In October 2016, the International Ski Federation (FIS) announced plans to begin permitting women's competitions in Nordic combined, to contest the discipline at the Olympic level for the first time in Beijing. In November 2017, a further three events were put forward by the FIS for possible Olympic inclusion: a ski jumping mixed team competition and men's and women's big air in freestyle skiing. At their May 2018 Congress at the Costa Navarino resort in Messenia, Greece, the FIS submitted several additional events for consideration, including a proposal to make telemark skiing an Olympic discipline for the first time in Beijing, with proposed competitions to include the men's and women's parallel sprint and a mixed team parallel sprint. The Congress also approved to submit the aerials mixed team event, and several new snowboarding events: the men and women's snowboard cross team event; a mixed team alpine parallel event; the men's and women's parallel special slalom; and a mixed team parallel special slalom event. The individual parallel special slalom events were featured at the 2014 Winter Olympics in Sochi, Russia, but were dropped from the Olympic program in 2018 to make way for the snowboarding big air competitions.
In biathlon, a single mixed relay was proposed by the International Biathlon Union (IBU) to complement the four-person mixed relay that featured at the 2018 Winter Olympics. Also, the International Bobsleigh and Skeleton Federation (IBSF) proposed a new team event, but there was no plan to introduce a four-woman bobsleigh event despite the recommendation from the federation's executive board to propose such an event in the interests of gender equality.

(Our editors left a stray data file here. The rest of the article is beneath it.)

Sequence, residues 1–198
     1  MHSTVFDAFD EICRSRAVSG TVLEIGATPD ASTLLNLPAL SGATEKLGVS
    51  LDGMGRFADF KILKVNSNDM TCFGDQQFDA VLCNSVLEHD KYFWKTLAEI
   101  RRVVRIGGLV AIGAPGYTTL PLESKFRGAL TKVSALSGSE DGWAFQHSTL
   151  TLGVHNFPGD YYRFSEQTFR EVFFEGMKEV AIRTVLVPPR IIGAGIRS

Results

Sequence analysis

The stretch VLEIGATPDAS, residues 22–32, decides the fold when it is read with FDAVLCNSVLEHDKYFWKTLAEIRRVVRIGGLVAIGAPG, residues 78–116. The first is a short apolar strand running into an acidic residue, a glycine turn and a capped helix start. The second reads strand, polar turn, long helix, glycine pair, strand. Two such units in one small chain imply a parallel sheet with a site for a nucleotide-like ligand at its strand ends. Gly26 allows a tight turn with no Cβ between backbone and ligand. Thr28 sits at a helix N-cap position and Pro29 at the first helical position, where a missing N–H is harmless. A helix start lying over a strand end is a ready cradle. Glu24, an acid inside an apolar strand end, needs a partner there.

In July 2018, the IOC announced changes to the program for the 2022 Winter Olympics as part of a goal to increase the participation of women, and appeal to younger audiences. Seven new medal events were added (expanding the total program to 109 events), including men's and women's big air freestyle, women's monobob, mixed team competitions in freestyle skiing aerials, ski jumping, and snowboard cross, and the mixed relay in short track speed skating. Women's Nordic combined was not added; Nordic combined remains the only Winter Olympic sport only contested by men.
Participating National Olympic Committees
On 9 December 2019, the World Anti-Doping Agency (WADA) banned Russia from all international sport for four years, after the Russian government was found to have tampered with lab data that it provided to WADA in January 2019 as a condition of the Russian Anti-Doping Agency being reinstated. As a result of the ban, WADA planned to allow individually cleared Russian athletes to take part in the 2020 Summer Olympics under a neutral banner, as instigated at the 2018 Winter Olympics, but they were not permitted to compete in team sports. WADA Compliance Review Committee head Jonathan Taylor stated that the IOC would not be able to use "Olympic Athletes from Russia" (OAR) again, as it did in 2018, emphasizing that neutral athletes cannot be portrayed as representing a specific country. Russia later filed an appeal to the Court of Arbitration for Sport (CAS) against the WADA decision.
After reviewing the case on appeal, CAS ruled on 17 December 2020 to reduce the penalty WADA had placed on Russia. Instead of banning Russia from sporting events, the ruling allowed Russia to participate in the Olympics and other international events, but for two years, the team cannot use the Russian name, flag, or anthem and must present themselves as "Neutral Athlete" or "Neutral Team." The ruling does allow for team uniforms to display "Russia" on the uniform as well as the use of the Russian flag colors within the uniform's design, although the name should be up to equal predominance as the "Neutral Athlete/Team" designation.